The future of jobs might be no jobs

Recently I caught a glimpse of the future of jobs, and jobs as we know them had largely dis-appeared. I needed two graphics for an outside project I was doing for another company, and the deadline was 24 hours away, too tight for that publisher’s artists to produce them. Frustrated and desperate, I went online to find a freelancer.

Within an hour of posting my requirements on a reputable website, I had five bids from verified artists whose previous clients had rated them highly. The San Francisco-based artist I chose completed the work within 12 hours, surpassed my expectations and cost half of what I expected to pay.

I couldn’t help but wonder why that publisher still had an art department. Then I asked myself, why does any company employ anyone? Certainly there will always be work to do, but do we really need jobs where people work a specific number of hours in return for a set salary for years on end?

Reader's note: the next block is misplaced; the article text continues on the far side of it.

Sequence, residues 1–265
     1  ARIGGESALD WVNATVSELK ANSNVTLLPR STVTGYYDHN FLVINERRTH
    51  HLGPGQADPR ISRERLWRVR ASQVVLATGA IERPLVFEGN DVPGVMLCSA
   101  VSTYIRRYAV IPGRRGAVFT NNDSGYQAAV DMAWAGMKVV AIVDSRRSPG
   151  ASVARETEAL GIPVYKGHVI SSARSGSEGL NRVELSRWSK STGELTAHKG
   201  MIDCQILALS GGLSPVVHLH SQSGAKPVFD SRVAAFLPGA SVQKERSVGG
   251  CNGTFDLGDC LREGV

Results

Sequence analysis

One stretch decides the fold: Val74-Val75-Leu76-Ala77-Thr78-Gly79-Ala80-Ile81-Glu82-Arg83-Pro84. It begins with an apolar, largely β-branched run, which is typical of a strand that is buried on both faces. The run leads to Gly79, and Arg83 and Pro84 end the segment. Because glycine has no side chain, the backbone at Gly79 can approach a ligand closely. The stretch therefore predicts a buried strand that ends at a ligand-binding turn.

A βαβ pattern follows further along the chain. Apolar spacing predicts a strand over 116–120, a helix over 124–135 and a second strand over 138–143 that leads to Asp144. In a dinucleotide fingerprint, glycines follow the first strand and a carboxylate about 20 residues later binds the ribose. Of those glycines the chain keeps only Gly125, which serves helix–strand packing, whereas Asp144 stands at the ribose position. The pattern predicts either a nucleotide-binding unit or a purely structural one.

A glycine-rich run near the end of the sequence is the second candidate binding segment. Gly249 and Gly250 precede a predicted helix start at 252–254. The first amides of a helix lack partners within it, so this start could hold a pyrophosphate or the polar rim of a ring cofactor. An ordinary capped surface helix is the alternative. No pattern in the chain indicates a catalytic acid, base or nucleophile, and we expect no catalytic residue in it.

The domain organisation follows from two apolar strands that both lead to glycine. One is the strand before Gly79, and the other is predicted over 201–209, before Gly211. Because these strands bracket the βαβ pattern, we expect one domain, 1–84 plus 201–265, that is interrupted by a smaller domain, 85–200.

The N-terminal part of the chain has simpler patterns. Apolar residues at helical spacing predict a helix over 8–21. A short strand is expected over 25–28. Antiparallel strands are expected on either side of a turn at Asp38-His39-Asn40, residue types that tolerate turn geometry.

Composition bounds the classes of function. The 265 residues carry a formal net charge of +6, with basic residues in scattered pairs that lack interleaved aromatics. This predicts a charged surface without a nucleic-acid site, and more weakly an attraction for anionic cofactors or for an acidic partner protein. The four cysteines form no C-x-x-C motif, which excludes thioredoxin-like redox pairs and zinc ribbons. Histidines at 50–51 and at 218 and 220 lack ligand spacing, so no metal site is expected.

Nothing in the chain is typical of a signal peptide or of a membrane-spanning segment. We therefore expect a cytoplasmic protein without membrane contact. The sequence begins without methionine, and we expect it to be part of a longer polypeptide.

Millions of freelance workers, particularly software engineers and Web designers, make their living doing piecework off the Internet everyday. Companies only pay for the work they need, and the freelancer enjoys operating his or her own business.

Before the Industrial Revolution, almost all laborers worked like this. Everyone was an entrepreneur offering labor and building a client base.

Now there is growing evidence that this kind of economy is returning as companies lower overhead, robots perform routine tasks, and online labor markets become more efficient. The big question is whether we are ready.

Americans in general are depending less on employers. No recent college graduate expects to spend his or her working life at one company, and participation in labor unions has dropped. Layoffs are commonplace, with part-time and contractual employment becoming common at every pay level.
August 9, 2014
Houston Chronicle